Egypt housing minister sentenced to 5 years for illegal land deal

[JURIST] An Egyptian court on Thursday convicted a former housing minister of corruption and sentenced him to five years in prison. Ahmed al-Maghrabi was found guilty of illegal acquisition of state land [Reuters report] for his part in the sale of the 18 acres of land to a prominent businessman, who was convicted in the same case and given a one-year suspended sentence. The public land was sold without auction and well below market value, in violation of a 1998 law. As a result, the two men were found guilty of wasting public funds and ordered to repay 72 million Egyptian pounds (USD $12.6 million) to the state for damaging public finances, and were then together fined an additional 72 million pounds. At this time Maghrabi also faces charges of profiteering and wasting public funds in another corruption suit involving a relative.

Maghrabi is the third senior minister from the regime of ousted president Hosni Mubarak [Al Jazeera profile] to be sentenced to a prison term. Earlier this month, an Egyptian criminal court convicted [JURIST report] the country's former tourism minister, Zoheir Garranah, for corruption and sentenced him to five years in prison. In April, Egyptian prosecutors charged [JURIST report] former prime minister Ahmed Nazif, former finance minister Yousef Boutros and former interior minister Habib el Adly with corruption. In March, a commission of Arab and Egyptian human rights groups accused the former president [JURIST report] and the country's police of murdering protesters during the demonstrations. The joint commission submitted their report to Egypt's top prosecutor for further investigation. The Supreme Military Council of Egypt, which assumed power after Mubarak's resignation, instructed Egypt's top prosecutor to investigate the death of protesters [RIA Novosti report] during the three weeks of demonstrations in the country. Last week Amnesty International reported that at least 840 people were killed [JURIST report], and more than 6,000 were injured, during the Egyptian protests.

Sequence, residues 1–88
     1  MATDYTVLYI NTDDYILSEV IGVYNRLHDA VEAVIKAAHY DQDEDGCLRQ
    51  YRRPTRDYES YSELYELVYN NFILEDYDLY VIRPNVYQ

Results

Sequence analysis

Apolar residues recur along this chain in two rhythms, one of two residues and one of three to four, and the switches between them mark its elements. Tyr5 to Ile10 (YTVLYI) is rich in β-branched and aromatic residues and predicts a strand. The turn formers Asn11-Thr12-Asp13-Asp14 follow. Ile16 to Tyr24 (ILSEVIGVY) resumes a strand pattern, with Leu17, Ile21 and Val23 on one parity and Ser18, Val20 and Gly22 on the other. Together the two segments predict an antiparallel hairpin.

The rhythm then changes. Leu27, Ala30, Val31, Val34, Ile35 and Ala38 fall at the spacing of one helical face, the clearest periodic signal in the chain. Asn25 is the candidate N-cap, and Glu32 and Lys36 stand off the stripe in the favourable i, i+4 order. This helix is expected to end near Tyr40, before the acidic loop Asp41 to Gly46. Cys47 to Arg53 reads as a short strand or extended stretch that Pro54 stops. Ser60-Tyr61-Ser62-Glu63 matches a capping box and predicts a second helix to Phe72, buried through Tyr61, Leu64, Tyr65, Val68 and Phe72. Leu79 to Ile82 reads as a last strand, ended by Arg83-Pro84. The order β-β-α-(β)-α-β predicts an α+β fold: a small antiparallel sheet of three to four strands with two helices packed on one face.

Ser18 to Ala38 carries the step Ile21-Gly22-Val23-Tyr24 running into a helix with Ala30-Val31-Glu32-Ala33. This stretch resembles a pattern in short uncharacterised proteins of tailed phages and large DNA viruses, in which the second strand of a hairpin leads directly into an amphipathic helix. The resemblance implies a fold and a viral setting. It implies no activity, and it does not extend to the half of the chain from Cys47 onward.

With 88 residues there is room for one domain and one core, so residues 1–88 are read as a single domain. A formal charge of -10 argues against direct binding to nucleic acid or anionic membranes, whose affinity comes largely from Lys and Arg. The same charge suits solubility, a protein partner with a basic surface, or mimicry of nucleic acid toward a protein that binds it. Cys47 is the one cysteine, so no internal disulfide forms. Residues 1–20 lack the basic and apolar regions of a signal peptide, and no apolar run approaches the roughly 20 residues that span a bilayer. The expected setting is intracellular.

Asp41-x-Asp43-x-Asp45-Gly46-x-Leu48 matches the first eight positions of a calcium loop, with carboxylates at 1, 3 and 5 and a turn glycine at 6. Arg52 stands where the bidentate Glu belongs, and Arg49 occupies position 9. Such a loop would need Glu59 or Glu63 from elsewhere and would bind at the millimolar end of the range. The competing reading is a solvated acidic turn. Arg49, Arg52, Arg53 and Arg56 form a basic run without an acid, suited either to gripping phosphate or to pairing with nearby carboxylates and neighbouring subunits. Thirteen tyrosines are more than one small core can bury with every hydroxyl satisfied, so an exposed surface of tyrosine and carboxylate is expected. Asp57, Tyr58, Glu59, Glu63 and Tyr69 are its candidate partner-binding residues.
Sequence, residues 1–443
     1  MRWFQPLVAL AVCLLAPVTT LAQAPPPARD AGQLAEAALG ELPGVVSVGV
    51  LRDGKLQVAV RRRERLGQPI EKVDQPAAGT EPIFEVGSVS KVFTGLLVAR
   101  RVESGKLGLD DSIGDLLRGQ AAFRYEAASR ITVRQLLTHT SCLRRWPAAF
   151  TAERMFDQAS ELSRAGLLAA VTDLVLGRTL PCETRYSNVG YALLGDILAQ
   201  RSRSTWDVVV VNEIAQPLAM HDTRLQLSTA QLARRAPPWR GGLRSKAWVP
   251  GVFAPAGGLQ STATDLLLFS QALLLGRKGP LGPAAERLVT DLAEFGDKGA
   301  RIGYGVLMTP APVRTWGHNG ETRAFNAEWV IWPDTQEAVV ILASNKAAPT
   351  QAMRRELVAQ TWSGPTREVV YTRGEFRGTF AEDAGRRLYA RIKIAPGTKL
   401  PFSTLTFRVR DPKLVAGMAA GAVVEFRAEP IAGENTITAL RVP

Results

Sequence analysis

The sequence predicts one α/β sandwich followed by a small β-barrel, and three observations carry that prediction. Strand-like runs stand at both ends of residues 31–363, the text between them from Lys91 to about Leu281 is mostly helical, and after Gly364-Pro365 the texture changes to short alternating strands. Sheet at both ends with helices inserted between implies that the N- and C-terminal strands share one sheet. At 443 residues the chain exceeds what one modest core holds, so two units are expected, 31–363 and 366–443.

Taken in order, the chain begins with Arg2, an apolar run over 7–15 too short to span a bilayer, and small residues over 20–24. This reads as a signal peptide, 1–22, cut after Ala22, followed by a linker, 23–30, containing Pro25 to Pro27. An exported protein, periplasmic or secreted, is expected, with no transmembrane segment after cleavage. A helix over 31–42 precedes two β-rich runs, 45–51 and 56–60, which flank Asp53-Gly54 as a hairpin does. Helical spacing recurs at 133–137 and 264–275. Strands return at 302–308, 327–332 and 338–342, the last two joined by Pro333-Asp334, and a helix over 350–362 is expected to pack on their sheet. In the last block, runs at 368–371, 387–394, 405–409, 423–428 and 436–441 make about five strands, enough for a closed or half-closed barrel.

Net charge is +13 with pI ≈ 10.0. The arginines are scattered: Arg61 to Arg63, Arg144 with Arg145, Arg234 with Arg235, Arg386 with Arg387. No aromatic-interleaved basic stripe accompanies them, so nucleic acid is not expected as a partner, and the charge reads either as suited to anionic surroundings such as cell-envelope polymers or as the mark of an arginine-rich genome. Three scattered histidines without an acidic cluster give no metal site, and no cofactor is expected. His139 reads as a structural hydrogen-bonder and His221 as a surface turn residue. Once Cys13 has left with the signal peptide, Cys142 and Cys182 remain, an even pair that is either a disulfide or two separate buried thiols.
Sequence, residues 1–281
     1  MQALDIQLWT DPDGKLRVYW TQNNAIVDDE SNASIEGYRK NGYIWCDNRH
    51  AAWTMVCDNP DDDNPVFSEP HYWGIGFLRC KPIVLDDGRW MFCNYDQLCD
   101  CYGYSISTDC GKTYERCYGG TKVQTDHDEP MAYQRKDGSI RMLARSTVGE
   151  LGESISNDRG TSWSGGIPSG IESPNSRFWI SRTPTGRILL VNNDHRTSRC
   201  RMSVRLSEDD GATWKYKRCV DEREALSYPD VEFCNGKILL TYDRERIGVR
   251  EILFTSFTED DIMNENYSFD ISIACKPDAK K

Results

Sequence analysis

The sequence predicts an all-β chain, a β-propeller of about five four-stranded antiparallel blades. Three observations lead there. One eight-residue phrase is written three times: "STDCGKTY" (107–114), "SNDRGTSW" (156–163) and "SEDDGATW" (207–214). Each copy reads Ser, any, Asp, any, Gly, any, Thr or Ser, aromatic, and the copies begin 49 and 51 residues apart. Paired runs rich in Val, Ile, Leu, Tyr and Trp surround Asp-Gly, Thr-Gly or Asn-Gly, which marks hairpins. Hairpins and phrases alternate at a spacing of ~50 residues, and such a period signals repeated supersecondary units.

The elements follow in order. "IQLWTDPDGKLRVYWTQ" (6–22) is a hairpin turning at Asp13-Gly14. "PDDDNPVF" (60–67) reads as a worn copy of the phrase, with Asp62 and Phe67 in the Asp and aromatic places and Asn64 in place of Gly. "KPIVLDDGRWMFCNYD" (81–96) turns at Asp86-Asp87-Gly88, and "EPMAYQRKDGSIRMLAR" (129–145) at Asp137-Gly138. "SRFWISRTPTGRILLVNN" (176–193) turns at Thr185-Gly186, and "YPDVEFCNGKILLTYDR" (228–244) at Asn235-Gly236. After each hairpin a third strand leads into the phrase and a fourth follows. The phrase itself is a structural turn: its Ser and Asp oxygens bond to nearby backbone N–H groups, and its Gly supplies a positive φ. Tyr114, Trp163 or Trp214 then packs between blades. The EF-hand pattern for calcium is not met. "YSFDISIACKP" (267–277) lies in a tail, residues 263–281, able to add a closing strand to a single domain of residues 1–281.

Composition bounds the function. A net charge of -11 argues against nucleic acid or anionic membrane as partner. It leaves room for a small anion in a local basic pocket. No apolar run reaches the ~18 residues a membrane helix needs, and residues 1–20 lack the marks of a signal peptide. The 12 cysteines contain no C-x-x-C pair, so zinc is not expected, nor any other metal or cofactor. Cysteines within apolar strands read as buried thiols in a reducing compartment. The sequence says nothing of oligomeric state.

About Paper Chase

Paper Chase is JURIST's real-time legal news service, powered by a team of 30 law student reporters and editors led by law professor Bernard Hibbitts at the University of Pittsburgh School of Law. As an educational service, Paper Chase is dedicated to presenting important legal news and materials rapidly, objectively and intelligibly in an accessible format.

© Copyright JURIST Legal News and Research Services, Inc., 2013.